These also represent two of the three Borough churches designed by architect Nicholas Hawksmoor, a pupil of Sir Christopher Wren, (the third being Christchurch, Spitalfields). Considered the most original of Hawksmoor’s East-End churches, St George-in-the-East, constructed between 1714-26, was dedicated in 1729 to serve Wapping-Stepney and the area to its north. The tower was added between 1720-3, plasterwork between 1723-4 and the pews and carving in 1729. Atthe time of its construction, the surrounding area was still largely rural, with open fields to the north of the churchyard (itself occupying an area known as the Gun Field), otherwise enclosed by buildings lining the principal roads. The 18th century church yard was lined with rows of trees along the north, south and eastern boundaries, and in 1862, when further land had been added; a new layout included a Rector’s Walk and Lime Avenue.

By the beginning of the 19th century, the adjacent fields and vacant land, (freed by earlier slum clearance) had been re-colonised, and a rope-making factory established to the north-east. The church and its yard were land-locked by the surrounding development, and its main entrance was through a narrow gap in the streetscape off Cannon Street Road. The church burial ground was extended in 1829 with the purchase of the rope walk, and in 1875 was amalgamated with the graveyard of St George’s Methodist Church (Cable Street), forming St George’s Gardens in 1886. The new public gardens had entrances off Radcliffe Street, Cannon Street Road and Cable Street. The former parish mortuary (1880) opened as the ‘Metropolitan Borough of Stepney Nature Study Museum’ in 1904, providing ‘hands-on’ nature education forEast End schoolchildren until it was closed in 1939.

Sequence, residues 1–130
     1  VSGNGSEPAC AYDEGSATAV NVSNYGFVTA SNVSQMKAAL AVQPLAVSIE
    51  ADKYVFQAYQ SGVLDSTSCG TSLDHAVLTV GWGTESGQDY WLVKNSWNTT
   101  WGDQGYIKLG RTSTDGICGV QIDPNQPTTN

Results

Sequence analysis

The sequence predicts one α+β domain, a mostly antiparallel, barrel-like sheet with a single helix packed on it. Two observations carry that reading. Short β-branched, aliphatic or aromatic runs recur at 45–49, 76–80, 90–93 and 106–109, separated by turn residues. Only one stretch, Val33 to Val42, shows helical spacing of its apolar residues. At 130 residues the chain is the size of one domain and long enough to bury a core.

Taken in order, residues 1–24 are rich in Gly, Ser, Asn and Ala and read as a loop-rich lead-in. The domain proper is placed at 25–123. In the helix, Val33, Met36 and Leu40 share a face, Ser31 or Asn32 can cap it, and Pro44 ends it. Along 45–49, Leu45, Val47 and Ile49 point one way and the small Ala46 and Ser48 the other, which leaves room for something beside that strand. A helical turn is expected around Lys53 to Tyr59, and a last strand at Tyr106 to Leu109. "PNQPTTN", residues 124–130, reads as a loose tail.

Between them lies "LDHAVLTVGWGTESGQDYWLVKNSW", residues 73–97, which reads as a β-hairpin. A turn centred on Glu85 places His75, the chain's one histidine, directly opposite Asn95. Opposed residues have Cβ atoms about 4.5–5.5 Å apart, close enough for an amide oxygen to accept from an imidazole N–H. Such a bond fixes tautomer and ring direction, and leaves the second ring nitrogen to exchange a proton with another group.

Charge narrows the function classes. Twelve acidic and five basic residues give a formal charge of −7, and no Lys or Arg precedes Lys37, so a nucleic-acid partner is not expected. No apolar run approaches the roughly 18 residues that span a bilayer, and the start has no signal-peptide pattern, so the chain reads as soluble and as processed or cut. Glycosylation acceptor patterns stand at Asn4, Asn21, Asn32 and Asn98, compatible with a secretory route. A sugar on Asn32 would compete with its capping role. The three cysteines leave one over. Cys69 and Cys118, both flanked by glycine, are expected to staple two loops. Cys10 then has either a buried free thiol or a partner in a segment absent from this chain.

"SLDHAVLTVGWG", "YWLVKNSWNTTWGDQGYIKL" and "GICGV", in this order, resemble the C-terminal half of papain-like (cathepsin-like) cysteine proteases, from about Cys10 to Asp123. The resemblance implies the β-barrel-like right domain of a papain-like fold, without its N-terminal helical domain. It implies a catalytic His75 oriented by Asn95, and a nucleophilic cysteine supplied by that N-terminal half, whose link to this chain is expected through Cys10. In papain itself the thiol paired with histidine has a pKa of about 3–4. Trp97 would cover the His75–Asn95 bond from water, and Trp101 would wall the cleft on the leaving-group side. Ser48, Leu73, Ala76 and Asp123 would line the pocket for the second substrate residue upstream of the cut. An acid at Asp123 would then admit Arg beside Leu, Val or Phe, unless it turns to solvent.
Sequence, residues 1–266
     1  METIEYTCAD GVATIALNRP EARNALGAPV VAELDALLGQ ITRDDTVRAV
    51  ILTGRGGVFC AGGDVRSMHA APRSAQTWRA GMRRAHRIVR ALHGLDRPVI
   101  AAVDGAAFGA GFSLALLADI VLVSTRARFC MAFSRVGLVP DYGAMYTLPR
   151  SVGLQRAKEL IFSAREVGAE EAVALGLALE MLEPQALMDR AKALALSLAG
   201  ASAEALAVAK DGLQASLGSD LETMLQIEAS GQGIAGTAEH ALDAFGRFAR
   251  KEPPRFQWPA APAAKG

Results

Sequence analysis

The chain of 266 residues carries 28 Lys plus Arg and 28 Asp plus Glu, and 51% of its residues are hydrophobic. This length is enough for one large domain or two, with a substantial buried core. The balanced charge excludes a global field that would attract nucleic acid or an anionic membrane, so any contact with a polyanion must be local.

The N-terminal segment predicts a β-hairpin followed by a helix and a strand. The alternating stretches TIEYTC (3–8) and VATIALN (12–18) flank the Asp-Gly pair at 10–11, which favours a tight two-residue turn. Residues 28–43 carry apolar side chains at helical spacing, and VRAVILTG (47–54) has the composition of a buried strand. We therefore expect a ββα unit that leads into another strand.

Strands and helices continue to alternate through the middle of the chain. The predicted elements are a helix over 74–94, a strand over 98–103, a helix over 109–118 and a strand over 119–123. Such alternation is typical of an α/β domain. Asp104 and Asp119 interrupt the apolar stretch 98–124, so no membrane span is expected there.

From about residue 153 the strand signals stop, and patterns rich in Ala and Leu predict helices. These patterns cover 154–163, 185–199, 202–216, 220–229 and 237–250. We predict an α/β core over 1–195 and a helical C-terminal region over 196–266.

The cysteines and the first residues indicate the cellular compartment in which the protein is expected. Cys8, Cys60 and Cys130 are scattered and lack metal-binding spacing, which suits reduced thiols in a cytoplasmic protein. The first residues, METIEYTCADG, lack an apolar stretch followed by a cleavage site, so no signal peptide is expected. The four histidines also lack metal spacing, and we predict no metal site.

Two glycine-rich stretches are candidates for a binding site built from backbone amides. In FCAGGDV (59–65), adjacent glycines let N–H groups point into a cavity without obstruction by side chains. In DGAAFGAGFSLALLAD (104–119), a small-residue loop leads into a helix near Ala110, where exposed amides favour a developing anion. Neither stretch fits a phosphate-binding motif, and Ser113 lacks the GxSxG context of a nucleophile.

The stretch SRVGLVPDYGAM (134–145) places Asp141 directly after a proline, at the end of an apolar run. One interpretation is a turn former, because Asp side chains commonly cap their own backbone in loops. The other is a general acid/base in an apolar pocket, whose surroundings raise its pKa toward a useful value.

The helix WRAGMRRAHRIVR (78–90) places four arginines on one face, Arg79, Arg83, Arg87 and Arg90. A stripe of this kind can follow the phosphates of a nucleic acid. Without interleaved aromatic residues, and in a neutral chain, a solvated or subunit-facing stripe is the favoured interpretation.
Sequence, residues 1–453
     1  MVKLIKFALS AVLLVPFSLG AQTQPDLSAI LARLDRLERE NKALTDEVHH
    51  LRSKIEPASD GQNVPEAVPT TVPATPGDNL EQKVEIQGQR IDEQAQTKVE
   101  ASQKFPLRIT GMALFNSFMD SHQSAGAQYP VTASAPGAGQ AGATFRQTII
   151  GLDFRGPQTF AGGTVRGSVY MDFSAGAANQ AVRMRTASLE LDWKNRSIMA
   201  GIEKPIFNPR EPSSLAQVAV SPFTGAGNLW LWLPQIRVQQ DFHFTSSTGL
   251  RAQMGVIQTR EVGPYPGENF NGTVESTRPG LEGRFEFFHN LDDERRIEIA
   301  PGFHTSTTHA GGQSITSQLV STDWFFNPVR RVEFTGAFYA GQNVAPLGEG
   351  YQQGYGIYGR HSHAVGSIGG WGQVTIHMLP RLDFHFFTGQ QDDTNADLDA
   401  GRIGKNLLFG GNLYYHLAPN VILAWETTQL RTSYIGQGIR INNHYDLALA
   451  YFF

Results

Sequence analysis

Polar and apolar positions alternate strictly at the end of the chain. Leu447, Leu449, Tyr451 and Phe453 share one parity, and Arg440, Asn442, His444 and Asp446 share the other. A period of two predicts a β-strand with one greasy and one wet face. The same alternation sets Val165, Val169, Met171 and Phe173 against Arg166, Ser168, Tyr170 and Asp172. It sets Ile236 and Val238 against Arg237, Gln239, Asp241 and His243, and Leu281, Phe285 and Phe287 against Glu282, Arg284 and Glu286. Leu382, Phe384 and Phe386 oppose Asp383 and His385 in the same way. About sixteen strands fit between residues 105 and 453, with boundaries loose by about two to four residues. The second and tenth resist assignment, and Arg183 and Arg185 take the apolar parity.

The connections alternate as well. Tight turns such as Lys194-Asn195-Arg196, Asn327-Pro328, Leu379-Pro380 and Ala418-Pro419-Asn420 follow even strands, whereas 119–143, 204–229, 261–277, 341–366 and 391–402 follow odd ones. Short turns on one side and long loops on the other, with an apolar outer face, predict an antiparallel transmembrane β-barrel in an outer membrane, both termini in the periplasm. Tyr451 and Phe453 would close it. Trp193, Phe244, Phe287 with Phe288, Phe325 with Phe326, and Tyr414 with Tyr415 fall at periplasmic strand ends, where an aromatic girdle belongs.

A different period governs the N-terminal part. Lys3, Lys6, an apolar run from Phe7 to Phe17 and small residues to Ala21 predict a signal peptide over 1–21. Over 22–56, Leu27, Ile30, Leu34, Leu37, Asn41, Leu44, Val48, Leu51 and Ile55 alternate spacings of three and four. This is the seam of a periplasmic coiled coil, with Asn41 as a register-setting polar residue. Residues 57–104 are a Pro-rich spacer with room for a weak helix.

The church and many of its surrounding buildings were gutted by fire in the 1941 bombings, the church lying derelict until the 1960s reconstruction by Ansell & Bailey, a contemporary insertion within the original (restored) shell.

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GPS Coordinates: 51.5099610, -0.0599100

  • Added: 17 Sep 2009
  • Find A Grave Cemetery: #2323524